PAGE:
“I can’t feel alive unless I’m feeling sick…” (Same Disease) Would you say as a musician suffering is sometimes kinda essential for writing good music? – No, I don’t think it’s essential. I don’t think it’s suffering, but I think most people I know, who successfully do this they got something eating at them. Something that’s bugging them. And it doesn’t necessarily have to be suffering, but something to proof, or something they haven’t figured quite out in their own life. There’s a yearning that goes on with it, I think. But I don’t think it’s suffering, there’s people that make music and don’t suffer for it, they just enjoy their life (laughing)!
Are you already annoyed of being asked about a next THE LOVED ONES record? – Not annoyed. I appreciate that people care. It’s just The Loved Ones – we were not the Beatles! The Loved Ones is not that different from me, just a bit louder and faster. The thing which becomes a little bit frustrating is kind of that question: Where was everybody when we were playing? There wasn’t that many people asking when we were doing it. So for me to go back to it, – we were never as successful as “Devour” and “Resolutions”. Maybe we were in the States, but not here as much. We didn’t come over that much. So to me that is the next The Loved Ones Record – “Devour”! That’s it!
LT: So would you say this chapter is finally over?
Dave: I mean we would do a festival gig or we would do maybe a charity gig or something for fun, but at this point I’ve got two solo records out, The Loved Ones had two records, I make one more records and I’ve already way more recorded work – so what’s the point? (Laughing). But it’s nice that people care!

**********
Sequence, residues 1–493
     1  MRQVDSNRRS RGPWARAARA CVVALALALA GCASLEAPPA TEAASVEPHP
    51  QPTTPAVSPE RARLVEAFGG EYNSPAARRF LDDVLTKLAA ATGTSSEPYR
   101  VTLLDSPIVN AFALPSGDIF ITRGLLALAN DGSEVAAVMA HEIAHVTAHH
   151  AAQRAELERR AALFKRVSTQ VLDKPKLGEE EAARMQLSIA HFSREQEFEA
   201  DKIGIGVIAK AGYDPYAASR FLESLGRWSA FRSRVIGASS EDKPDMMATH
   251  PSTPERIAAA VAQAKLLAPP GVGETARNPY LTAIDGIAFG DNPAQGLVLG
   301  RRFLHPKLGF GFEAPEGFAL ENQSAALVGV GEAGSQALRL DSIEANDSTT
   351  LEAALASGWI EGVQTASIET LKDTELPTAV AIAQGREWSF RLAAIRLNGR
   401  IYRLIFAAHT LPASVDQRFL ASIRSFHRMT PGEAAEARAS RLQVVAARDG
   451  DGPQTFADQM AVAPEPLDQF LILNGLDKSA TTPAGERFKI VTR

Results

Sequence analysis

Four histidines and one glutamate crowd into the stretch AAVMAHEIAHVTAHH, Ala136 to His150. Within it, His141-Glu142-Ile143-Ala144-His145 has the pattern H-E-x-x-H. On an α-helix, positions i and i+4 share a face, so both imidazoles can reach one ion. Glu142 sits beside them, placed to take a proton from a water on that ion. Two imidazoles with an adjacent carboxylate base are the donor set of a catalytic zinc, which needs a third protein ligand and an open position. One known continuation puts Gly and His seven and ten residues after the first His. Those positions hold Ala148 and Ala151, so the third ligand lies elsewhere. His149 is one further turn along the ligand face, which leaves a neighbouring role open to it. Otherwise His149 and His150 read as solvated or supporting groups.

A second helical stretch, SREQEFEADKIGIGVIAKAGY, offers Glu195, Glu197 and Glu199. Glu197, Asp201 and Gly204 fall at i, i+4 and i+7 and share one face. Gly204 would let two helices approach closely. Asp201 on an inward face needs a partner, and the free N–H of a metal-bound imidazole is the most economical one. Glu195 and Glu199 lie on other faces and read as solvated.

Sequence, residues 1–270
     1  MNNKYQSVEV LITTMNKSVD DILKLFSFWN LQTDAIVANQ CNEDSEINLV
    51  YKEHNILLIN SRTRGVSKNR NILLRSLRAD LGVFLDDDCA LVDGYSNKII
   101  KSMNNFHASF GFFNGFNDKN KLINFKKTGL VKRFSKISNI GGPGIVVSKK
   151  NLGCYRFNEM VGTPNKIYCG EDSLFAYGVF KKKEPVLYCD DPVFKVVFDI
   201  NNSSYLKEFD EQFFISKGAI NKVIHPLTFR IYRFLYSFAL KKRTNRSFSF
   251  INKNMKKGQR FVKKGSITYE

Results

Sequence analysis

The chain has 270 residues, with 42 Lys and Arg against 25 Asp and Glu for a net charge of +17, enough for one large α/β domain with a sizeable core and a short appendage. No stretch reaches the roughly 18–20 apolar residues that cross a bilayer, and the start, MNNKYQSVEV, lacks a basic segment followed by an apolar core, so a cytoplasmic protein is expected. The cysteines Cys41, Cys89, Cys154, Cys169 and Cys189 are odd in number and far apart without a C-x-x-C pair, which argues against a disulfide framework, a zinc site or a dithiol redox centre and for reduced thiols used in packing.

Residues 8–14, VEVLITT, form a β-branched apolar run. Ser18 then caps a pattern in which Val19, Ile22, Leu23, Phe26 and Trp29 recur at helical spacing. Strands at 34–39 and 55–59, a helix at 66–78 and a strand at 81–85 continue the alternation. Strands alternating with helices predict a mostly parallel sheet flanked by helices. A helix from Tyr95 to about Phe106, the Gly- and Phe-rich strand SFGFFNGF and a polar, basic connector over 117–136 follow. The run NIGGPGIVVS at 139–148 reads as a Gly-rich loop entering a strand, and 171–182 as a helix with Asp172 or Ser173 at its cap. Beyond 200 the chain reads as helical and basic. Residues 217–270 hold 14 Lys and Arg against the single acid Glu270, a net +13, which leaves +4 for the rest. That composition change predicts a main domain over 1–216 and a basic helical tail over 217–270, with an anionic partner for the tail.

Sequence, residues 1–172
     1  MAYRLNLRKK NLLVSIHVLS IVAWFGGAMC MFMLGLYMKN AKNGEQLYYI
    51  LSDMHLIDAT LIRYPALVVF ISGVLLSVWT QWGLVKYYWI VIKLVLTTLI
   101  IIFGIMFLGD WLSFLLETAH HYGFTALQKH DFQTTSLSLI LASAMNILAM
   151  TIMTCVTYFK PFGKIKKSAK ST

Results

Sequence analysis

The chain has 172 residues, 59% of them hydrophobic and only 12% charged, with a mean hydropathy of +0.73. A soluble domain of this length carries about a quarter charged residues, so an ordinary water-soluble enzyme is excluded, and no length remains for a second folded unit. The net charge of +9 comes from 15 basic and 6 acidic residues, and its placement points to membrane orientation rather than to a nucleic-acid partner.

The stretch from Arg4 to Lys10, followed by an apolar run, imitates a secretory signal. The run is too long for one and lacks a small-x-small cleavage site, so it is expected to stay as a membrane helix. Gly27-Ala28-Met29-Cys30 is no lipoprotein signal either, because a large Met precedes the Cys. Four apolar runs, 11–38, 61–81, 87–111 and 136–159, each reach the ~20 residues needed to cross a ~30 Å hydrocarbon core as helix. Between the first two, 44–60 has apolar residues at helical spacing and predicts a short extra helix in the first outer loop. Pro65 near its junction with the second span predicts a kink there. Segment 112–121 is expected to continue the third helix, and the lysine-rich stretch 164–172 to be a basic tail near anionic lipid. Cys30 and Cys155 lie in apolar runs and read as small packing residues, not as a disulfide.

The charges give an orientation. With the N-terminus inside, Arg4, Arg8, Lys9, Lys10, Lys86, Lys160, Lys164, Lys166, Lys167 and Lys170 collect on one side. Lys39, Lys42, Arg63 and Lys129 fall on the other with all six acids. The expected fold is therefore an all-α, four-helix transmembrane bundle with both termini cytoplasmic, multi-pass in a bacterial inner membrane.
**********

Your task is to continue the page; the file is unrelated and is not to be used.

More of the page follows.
As the blog’s name is Lieblinstape – could you list five songs I would find on your favorite mixtape? – I would say…. I always put “The Righteous Path” by Drive-Bye Truckers, I always put “I Just Saw Her Face” by the Beatles, I always put on a Hold Steady song. I would probably chose “Citrus” or “Constructive Summer”. I would pick up a Patty Griffin song – probably “Heavenly Day” … and “You’re So Bad” by Tom Petty!
(Question number 14 was on a bottle of wine and had a THANK YOU-Picture on it) Dave (Laughing): Oh cool! Nice! Very nice. Thank you!
LT: I’m from Franconia, which is a german wine-region – and as we had some kind of wine-topic, I thought it would be a nice gift!
Dave: Wow, oh cool! Yeah, I will drink this on stage! Thank you! Thank you for your kindness and your interest! You were a great! So enjoy the show and see you from the stage!
Das Interview wurde am 27.11.2013 in der
Frankfurter Batschkapp von Arabell Walter geführt.